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I agree with you completely. This is also similar to a charging profile smart chargers would do, but the trend i'm seeing is when the Prime is in Ready mode/driving, the charging rate is around 14.23v, but when it is plugged in AND charging, the charging voltage is only 13.42v, weather the 12v Aux in charged or not.

I have a small solar setup for our sugar shack, and when the battery or batteries are fully charged from a charger when they are sitting in my basement during the off season, they hover between 12.9 and 13.1v for weeks after the charger is removed.

Most of the time I check the voltage on the Prime's 12v Aux, it is usually around 12.2v and I consider that to be too low for long term SOC, that is why I believe the 12v will not last the 5, 6 or 7 years that we usually get from our other car batteries around here.

dp
I assume that with your solar batteries, there is no load at all when they are sitting. With the Prime or any modern vehicle, there is some load that consumes a bit of the battery storage power such as the headlights staying on for a couple minutes, interior lights when the doors are open, and powered doors. In addition, there are small loads from computers in the vehicles. All these loads tend to lower the battery voltage somewhat, but really should not affect longevity unless the battery is continually run down such that the Prime will not start.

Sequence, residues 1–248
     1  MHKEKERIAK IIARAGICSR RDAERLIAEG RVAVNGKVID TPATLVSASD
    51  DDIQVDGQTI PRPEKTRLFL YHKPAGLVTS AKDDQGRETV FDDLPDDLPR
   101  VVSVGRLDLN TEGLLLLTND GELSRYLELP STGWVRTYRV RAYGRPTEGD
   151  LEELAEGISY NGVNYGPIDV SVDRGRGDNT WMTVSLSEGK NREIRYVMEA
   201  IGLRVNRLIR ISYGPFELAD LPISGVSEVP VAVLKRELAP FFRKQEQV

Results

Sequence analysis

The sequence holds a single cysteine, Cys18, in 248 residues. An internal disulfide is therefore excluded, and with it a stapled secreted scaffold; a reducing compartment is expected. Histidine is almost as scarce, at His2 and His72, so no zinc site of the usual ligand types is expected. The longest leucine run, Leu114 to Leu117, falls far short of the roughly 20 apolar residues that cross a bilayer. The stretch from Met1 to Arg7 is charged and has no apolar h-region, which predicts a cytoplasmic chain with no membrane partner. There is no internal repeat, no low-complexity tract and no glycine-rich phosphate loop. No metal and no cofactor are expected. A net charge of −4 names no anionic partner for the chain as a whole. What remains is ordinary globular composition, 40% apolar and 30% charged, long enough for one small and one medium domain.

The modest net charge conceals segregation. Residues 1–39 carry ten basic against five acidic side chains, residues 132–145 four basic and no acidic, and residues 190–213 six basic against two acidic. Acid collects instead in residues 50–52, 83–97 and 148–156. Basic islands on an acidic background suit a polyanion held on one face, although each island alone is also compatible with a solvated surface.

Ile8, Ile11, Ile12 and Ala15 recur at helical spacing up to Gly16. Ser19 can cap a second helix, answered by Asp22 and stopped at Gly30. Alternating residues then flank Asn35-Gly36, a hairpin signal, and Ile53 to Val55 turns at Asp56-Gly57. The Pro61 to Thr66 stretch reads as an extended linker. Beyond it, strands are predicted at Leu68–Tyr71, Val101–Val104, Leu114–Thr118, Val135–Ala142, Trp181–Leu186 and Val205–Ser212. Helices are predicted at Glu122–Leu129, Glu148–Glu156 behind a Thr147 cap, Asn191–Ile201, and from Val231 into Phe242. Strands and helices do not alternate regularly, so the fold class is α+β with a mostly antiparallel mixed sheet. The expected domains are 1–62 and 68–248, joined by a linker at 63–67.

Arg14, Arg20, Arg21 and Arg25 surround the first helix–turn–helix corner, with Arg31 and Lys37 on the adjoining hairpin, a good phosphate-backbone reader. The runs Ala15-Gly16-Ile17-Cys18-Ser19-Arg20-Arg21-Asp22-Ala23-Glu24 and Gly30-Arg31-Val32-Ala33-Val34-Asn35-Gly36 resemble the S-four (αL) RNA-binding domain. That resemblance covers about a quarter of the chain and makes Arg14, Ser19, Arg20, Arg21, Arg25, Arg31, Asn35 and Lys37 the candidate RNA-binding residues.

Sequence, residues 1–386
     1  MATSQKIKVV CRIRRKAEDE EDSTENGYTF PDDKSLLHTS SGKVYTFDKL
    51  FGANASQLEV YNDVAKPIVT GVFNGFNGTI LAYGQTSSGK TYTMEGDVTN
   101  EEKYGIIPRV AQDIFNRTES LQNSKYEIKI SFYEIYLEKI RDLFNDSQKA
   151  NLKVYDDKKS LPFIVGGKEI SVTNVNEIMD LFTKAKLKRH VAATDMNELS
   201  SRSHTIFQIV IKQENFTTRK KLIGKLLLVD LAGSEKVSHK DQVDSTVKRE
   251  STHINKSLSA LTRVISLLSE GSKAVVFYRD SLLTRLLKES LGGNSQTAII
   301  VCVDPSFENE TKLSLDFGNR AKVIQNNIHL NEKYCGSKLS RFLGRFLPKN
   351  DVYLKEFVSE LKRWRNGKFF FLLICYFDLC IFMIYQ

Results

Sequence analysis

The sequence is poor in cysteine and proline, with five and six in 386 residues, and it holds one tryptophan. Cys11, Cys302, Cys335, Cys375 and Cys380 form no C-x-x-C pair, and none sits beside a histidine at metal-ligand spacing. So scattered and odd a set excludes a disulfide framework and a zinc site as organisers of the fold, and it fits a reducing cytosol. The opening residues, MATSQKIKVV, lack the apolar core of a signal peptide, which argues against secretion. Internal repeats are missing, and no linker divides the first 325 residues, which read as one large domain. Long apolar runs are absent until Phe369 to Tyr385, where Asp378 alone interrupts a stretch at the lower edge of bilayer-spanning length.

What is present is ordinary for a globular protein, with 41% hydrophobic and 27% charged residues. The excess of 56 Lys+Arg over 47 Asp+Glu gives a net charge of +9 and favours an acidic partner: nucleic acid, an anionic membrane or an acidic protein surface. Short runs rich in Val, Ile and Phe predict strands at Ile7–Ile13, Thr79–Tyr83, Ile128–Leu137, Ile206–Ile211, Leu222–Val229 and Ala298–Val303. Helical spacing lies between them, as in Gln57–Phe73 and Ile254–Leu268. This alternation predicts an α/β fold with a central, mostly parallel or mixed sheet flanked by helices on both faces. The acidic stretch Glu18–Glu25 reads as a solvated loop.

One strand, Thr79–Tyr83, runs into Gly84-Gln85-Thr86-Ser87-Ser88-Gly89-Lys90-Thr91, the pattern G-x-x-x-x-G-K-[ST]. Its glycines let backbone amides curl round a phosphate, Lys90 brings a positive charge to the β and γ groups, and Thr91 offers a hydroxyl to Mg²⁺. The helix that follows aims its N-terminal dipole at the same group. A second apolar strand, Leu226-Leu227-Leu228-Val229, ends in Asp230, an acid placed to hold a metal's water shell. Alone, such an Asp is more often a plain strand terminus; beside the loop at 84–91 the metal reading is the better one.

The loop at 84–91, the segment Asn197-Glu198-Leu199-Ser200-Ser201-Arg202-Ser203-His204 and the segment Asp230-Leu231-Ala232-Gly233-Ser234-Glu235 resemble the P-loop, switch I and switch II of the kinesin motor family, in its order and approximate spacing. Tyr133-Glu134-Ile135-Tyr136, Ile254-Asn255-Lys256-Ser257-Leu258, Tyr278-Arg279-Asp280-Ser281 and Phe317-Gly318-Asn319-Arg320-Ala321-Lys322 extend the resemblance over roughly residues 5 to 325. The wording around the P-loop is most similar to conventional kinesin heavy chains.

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Discussion Starter · #78 ·
I assume that with your solar batteries, there is no load at all when they are sitting. With the Prime or any modern vehicle, there is some load that consumes a bit of the battery storage power such as the headlights staying on for a couple minutes, interior lights when the doors are open, and powered doors. In addition, there are small loads from computers in the vehicles. All these loads tend to lower the battery voltage somewhat, but really should not affect longevity unless the battery is continually run down such that the Prime will not start.